We let them slowly make their way along the road as we fumbled around for the camera. I thought we were going to be stuck behind them for ages, but they soon darted off into the thick forest, and out of sight.

I was blown away by what was before us. Not because we were witnessing elephants, as I’d seen these magnificent creatures many times on my previous trips to Africa, and other parts of Asia. Although Elephants are amazing creatures in their own right, I was memorized because the Borneo Pygmy Elephants are extremely rare.

The Future of The Borneo Pygmy Elephant

The rare Pygmy Elephants of Borneo have numbers around a mere 2000, and are listed by the IUCN (international union for conservation and nature) as an endangered species. Compare this to the African Elephant, who’s numbers fall in the hundreds of thousands.

With numbers like these, the future of Borneo Pygmy Elephant is still quite grim. Like most endangered species, the blame lies with human habitation, and also a thirst for exotic timbers. Although area’s of protected forest such as the Danum Valley Conservation Area, and the Maliau Basin, are helping the plight of these magnificent creatures. The logging we witnessed on the way into the protected area was quite aggressive. All you have to do is look at the photo’s of the logs aboard the trucks in this post to see that even the monster tree’s are given no mercy.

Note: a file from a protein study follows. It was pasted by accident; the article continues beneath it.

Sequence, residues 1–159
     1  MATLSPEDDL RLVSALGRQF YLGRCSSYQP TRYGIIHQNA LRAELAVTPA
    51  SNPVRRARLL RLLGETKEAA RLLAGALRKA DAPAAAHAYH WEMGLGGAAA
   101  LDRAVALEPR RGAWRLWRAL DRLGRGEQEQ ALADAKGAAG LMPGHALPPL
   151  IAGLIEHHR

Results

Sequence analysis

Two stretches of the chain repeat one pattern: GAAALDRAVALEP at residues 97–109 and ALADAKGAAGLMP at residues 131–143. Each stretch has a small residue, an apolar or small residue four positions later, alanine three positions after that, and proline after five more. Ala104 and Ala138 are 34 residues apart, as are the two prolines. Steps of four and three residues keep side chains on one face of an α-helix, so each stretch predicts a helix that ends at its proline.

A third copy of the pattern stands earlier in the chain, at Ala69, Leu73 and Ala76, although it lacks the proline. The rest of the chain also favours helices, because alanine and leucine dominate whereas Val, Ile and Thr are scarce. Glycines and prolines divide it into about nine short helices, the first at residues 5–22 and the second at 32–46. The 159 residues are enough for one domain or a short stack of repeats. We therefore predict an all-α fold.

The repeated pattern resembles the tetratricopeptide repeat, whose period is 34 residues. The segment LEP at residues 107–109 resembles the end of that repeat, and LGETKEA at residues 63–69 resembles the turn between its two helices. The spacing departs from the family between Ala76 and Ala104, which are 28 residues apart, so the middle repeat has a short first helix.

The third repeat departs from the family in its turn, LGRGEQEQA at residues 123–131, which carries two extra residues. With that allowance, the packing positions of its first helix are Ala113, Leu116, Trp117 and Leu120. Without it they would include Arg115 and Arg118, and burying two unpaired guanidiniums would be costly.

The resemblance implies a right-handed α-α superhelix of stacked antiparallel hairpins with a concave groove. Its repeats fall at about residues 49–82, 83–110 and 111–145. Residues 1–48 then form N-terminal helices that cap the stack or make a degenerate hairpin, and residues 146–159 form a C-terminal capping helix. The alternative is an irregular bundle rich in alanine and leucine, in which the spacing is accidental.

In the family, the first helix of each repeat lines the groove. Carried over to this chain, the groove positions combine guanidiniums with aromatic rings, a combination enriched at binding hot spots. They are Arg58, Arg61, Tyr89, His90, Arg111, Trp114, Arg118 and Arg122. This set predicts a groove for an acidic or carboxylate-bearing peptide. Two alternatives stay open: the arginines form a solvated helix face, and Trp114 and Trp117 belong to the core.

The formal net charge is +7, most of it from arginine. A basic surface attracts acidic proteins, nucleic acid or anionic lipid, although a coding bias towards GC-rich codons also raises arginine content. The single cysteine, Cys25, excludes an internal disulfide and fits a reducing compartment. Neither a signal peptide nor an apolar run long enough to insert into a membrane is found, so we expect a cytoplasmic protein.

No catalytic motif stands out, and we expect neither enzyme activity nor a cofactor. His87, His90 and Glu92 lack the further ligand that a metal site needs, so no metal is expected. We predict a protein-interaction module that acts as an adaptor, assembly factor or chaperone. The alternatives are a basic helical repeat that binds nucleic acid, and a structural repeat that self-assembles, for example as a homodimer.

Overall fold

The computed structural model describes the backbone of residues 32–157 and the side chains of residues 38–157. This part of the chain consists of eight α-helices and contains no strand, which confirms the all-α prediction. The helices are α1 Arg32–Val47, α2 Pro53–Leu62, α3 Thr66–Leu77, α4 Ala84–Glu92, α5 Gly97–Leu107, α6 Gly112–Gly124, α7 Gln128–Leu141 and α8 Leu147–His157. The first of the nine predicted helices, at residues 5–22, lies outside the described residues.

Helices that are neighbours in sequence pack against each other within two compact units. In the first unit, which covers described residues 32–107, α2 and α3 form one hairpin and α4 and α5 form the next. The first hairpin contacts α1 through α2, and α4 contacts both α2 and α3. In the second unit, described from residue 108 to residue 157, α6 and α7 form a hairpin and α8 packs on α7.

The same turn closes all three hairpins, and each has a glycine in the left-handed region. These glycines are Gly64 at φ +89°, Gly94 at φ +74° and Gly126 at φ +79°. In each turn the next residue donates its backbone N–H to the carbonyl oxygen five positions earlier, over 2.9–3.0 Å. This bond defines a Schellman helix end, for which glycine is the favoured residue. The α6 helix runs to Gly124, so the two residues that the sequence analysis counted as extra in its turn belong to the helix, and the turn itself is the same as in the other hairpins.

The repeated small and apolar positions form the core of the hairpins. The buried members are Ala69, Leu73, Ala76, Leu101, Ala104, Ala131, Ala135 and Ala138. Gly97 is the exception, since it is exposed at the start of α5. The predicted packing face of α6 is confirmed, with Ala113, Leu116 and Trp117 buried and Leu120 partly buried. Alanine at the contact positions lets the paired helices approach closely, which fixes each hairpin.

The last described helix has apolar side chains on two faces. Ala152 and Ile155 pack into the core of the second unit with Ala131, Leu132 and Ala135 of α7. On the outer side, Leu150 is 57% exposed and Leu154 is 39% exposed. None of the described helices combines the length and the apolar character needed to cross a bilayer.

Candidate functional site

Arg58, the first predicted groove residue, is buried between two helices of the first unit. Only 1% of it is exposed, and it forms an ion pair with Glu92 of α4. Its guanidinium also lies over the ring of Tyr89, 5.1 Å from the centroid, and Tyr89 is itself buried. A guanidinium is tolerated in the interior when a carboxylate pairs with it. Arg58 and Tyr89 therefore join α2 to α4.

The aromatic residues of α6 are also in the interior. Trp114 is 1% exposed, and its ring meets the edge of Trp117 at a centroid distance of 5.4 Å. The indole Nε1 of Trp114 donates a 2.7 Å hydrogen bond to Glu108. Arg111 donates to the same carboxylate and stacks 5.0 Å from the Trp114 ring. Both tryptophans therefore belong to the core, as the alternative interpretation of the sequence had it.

• Borneo Rain Forest Lodge can be found here.
  • More information on the Borneo Elephant can be found here.
  • For more information on the deforestation of Borneo click here.

Your Thoughts and Comments?

Have you witnessed wildlife in an unsuspecting way such as this? What about the logging of the precious hard woods of Malaysia, and elsewhere on the planet. Have you been to such area that is being destroyed at such an alarming rate?


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     About the author

Jason has traveled the world extensively during the last 20 years, with overland journeys on six continents and across over 90 countries. This site serves as a chronicle of the images and tales from these journeys, as well as offering advice and general information for other like minded travelers.

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  • Dave from TLWH

     Great for you guys to see such rare animals. Borneo is slowly loosing everything in this regard. They are happy with small reserves in the name of research, and I imagine it will get worse until such places are just zoos. 

    There are a few people fighting the good fight. But, money talks and palm oil along with timber pays more bills that wildlife watching. Harsh facts in out declining eco world.

  • Jason

    Hey Dave, It was a thrill to see the pygmy elephants, but it was an absolute shock to see what has happened to the virgin forests of this beautiful island. Allot of the timber (over 80% of the virgin forest) that was felled, was apparently done so illegally in the later part of last century. Also what is alarming is the fact that most of this timber ended up in Japan, if you can believe the reports.

    You mentioned palm oil above, and as I believe this is an even bigger threat to the precious remaining forest in Sabah. We witnessed mile after mile of palm oil plantations whilst we drove around the state, from top to bottom. I’m no eco-warrior but it’s truly horrific what is happening.